June 29, 2013

Lorna Collins


Lorna Collins in Three Words:  
Japan, Ghost, Murder
 

Lorna Collins was raised in Alhambra, California and attended California State University at Los Angeles where she majored in English.
Between 1998 and 2001, she worked in Osaka, Japan on the Universal Studios theme park with her husband, Larry. Their memoir of that experience, 31 Months in Japan: The Building of a Theme Park, was published in 2005 and was a finalist for the 2006 nonfiction EPPIE award and named as one of Rebeccas Reads best nonfiction books of 2005.
They have written two mysteries together: Murder… They Wrote, published in 2009, and Murder in Paradise, published in 2010. The latter was a finalist for the 2011 EPIC eBook Award in 2011. They are currently working on at least two more in this series.
She and Larry are currently immersed in an historical novel set in San Juan Capistrano, CA between the years of 1820 and 1890.
In addition, Lorna is a professional editor.
Today she and Larry are retired and reside in Dana Point, California.
 

Could you please start by telling us a little about yourself?
I live in Southern California with my husband, Larry K. Collins. We retired a couple of years ago and now can’t figure out how we ever had time to work!
I write in several genres—mostly because I’m easily bored. So far, I’ve written a memoir, 31 Months in Japan: The Building of a Theme Park, and two mysteries, Murder…They Wrote and Murder in Paradise, with my husband.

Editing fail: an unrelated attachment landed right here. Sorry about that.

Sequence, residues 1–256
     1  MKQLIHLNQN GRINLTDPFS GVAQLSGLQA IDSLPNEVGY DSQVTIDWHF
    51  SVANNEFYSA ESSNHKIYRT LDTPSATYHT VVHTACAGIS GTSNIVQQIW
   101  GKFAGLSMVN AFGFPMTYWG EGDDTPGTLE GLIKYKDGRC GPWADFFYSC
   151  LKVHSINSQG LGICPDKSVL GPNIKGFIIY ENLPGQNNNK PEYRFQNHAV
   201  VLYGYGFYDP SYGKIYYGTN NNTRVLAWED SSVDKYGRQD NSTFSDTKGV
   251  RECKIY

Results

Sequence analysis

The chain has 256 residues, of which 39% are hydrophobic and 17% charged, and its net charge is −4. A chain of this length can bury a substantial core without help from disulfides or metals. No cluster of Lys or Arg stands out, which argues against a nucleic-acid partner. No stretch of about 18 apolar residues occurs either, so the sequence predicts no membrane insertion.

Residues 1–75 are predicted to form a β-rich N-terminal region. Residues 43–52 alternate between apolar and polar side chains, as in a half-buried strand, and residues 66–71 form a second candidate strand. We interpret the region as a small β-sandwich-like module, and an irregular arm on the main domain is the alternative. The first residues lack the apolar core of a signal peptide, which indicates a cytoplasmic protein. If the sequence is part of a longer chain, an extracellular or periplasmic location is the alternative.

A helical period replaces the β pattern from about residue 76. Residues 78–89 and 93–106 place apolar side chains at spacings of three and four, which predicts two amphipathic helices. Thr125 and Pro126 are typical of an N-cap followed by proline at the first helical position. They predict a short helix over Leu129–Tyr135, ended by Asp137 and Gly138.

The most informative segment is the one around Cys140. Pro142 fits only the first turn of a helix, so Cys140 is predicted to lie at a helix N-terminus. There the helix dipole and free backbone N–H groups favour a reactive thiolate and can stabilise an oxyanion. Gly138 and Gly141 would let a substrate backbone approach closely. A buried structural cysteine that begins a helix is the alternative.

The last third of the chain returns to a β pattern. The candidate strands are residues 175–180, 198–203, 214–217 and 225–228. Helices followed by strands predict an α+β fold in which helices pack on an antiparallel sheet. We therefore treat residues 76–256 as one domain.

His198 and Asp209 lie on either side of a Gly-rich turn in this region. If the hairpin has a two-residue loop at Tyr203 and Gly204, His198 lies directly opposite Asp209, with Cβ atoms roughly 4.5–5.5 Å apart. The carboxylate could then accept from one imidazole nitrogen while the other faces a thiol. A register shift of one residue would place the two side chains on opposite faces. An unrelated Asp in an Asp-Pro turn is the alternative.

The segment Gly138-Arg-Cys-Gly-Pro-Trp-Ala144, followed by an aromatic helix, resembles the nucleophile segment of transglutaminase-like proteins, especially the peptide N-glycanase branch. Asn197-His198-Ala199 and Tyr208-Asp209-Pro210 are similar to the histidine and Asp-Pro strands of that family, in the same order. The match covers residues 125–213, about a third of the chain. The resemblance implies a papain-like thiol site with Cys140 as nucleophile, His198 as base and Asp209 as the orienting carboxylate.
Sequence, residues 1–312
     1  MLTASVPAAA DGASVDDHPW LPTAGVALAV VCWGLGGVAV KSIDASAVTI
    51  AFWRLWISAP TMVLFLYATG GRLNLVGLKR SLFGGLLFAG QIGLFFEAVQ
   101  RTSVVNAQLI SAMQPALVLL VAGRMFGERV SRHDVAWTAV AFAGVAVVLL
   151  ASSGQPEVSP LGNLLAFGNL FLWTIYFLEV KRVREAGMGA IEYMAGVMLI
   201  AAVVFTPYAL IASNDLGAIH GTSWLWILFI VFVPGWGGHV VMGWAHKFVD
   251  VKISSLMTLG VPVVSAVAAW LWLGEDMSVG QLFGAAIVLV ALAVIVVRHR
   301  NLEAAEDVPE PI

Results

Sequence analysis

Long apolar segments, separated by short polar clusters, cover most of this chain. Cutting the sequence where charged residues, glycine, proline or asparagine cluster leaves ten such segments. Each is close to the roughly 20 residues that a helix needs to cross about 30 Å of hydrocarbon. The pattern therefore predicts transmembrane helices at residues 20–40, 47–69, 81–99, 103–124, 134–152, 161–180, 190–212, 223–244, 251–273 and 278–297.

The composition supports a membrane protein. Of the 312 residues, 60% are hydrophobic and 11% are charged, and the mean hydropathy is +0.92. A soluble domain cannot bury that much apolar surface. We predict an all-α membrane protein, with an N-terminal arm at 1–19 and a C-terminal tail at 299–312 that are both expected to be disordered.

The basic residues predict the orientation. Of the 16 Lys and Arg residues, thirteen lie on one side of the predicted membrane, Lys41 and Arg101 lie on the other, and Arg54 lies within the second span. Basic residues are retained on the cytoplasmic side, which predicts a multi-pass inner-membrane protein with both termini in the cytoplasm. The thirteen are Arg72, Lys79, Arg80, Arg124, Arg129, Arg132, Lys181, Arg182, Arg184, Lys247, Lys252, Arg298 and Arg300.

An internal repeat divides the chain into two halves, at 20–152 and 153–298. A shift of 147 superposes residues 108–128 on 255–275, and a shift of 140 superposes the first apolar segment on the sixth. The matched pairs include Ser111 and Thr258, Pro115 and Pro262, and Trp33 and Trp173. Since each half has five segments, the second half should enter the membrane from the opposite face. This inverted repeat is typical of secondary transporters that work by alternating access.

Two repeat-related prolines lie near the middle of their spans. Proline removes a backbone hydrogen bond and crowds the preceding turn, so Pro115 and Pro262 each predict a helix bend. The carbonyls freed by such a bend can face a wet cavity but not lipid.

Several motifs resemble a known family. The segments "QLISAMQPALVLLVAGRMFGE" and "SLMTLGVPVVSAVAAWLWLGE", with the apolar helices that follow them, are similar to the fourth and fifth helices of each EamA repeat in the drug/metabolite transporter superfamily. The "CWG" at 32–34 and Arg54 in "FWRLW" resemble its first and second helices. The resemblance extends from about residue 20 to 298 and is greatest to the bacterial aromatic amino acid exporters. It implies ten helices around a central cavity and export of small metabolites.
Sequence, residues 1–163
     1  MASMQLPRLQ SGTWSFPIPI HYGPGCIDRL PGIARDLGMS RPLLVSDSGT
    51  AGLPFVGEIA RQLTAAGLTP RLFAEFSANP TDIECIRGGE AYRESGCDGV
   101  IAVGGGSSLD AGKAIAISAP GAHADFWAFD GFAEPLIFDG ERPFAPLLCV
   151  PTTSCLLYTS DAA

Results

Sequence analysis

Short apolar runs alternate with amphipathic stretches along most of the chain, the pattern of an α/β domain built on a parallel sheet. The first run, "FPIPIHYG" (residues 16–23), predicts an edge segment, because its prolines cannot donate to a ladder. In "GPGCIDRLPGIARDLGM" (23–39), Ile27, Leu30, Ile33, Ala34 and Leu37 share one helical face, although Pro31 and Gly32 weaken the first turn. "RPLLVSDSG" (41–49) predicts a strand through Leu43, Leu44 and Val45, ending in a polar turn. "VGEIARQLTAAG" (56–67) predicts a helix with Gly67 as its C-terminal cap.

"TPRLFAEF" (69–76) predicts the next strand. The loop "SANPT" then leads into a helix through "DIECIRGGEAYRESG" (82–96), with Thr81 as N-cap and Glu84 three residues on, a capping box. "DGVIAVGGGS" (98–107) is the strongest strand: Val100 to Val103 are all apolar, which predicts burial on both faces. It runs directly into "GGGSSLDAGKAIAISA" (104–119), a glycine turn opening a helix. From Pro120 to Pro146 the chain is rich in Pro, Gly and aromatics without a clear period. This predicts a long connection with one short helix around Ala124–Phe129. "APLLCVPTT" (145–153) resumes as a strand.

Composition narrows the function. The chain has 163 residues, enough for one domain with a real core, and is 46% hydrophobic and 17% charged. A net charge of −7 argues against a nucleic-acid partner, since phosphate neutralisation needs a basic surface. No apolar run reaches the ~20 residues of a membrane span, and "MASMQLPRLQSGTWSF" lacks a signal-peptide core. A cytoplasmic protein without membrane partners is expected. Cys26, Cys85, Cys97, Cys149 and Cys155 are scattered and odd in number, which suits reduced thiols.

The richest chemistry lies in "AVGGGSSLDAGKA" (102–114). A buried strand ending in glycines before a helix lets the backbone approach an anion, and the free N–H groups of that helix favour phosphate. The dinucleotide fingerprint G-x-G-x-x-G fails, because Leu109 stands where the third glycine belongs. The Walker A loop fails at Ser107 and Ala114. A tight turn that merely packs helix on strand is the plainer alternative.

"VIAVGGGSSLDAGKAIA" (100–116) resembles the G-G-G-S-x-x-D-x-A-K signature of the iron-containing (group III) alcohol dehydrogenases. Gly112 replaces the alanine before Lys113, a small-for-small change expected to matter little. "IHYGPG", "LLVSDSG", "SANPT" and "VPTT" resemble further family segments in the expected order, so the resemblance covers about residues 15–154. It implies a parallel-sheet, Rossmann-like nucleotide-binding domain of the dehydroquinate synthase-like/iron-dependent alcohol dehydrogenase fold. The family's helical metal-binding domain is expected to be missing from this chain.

My solo work, Ghost Writer, is a fantasy/mystery/romance.
I also write romance anthologies with fellow authors Sherry Derr-Wille, Cheryl Gardarian, Luanna Rugh and Christie Shary.
Right now, Larry and I are working on an historical novel, The Memory Keeper, set in San Juan Capistrano between 1820 and 1890. 

Please tell us a little about your new release without giving too much of a spoiler away.
The latest romance anthology, called The Art of Love, was written with Sherry, Luanna, and Cheryl. It’s about four women, each of whom is involved with a different form of artwork: painting, photography, crochet, and stained glass. Along the way, each finds love. 

What was the hardest part of writing your book?
Coordinating our stories is usually the greatest challenge, but since this is number five, we’ve figured out how to do it. I’m the hub and check for continuity and consistency. 

What comes first: the plot or the characters?